Senior Investigator, Lady Davis Institute, Jewish General Hospital
Professor of Anatomy and Cell Biology, and of Medicine, McGill University
Chercheur national of the Fonds de recherche Québec - Santé
Dr. Autexier obtained her Ph.D. from the Microbiology and Immunology Department at McGill University in 1991 and pursued postdoctoral training with Carol W. Greider at Cold Spring Harbor Laboratory in New York from 1991 to 1996. She is best known for her studies identifying and characterizing essential determinants of telomerase function (Autexier, C. and Lue, N.F. 2006. The structure and function of telomerase reverse transcriptase. Annual Review of Biochemistry, 75, 493-517). Her current research team is actively pursuing the identification and characterization of mechanisms that regulate telomerase and telomere function, and cell survival, with the long term objective to develop anti-cancer therapies that target telomerase or telomeres. She is co-organizer of the Canadian Symposiums on Telomeres and Genome Integrity.
Major Research Activities
The long-term objective of Dr. Autexier’s research is the development of anti-cancer therapies that target telomerase or telomere function.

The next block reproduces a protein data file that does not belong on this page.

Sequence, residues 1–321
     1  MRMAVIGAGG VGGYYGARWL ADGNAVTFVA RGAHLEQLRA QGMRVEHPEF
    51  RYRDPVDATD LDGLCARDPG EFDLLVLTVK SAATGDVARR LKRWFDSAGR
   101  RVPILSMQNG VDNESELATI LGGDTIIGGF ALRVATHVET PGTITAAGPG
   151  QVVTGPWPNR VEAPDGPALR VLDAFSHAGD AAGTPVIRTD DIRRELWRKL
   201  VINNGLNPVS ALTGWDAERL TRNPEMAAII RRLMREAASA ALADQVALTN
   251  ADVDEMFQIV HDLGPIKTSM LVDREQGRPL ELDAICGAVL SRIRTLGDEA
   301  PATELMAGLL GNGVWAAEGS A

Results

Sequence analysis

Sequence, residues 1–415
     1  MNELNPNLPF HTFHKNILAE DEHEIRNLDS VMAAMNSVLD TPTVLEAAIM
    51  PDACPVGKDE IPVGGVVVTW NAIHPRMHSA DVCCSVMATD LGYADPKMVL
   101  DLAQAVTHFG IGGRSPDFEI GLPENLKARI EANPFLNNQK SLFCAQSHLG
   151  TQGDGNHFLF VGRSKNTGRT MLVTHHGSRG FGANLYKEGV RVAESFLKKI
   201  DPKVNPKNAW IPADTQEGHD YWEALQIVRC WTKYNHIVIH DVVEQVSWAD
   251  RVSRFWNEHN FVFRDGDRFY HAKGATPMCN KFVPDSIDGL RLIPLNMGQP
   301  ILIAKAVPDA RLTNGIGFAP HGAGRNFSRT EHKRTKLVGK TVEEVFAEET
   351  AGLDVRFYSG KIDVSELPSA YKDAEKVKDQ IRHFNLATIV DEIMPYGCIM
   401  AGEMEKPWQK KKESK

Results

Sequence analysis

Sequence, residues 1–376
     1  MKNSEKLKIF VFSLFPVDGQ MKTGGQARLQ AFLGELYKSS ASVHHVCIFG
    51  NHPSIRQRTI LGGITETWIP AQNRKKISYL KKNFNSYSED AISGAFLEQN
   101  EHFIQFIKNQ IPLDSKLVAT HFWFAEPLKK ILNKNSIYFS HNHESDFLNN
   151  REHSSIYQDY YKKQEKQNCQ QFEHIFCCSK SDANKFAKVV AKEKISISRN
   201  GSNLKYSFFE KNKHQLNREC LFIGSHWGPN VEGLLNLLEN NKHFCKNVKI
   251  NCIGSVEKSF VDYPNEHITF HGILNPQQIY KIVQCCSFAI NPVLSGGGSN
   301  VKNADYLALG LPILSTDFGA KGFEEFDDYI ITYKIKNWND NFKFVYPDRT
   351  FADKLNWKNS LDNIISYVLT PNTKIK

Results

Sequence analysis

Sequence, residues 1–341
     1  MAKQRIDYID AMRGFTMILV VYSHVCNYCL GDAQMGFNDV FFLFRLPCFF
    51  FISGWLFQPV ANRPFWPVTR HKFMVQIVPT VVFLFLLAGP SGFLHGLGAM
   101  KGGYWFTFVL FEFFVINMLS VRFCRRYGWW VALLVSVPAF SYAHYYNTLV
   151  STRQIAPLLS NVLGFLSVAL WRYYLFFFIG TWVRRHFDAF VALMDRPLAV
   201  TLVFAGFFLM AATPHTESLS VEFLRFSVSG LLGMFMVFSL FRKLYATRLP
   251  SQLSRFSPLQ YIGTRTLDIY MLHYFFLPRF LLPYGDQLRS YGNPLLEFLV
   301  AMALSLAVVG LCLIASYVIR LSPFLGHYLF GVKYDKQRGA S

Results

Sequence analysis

Her research team’s short-term objectives are to: 1) identify and characterize the mechanisms that regulate telomerase and telomere function; and 2) evaluate the principles of anti-cancer strategies that target telomerase or telomere function.
Dan, J., Rousseau, P., Hardikar, S., Veland, N., Wong, J., Autexier, C. and Chen, T. 2017. Zscan4 inhibits maintenance DNA methylation to regulate telomere elongation in mouse embryonic stem cells. Cell Reports, 20(8):1936-1949.
Chu, T.W., MacNeil, D. and Autexier, C. 2016. Multiple mechanisms contribute to the cell growth defects imparted by human telomerase insertion in finger domain mutations associated with premature aging diseases. Journal of Biological Chemistry, 291, 8374-8386.
Chu, T.W., D’Souza, Y. and Autexier, C. 2016. The Insertion in Fingers Domain in human telomerase can mediate enzyme processivity and telomerase recruitment to telomeres in a TPP1-dependent manner. Molecular and Cellular Biology. 1, 210-222.
Brault, M.E., Lauzon, C. and Autexier, C. 2013. Dyskeratosis congenita mutations in dyskerin SUMOylation consensus sites lead to impaired telomerase RNA accumulation and telomere defects. Hum. Mol. Genet. 22, 3498-507.
D’Souza, Y., Lauzon, C., Chu, T.W., and Autexier, C. 2013. Regulation of human telomere length and homeostasis by telomerase enzyme processivity. J. Cell Science. 126, 676-87.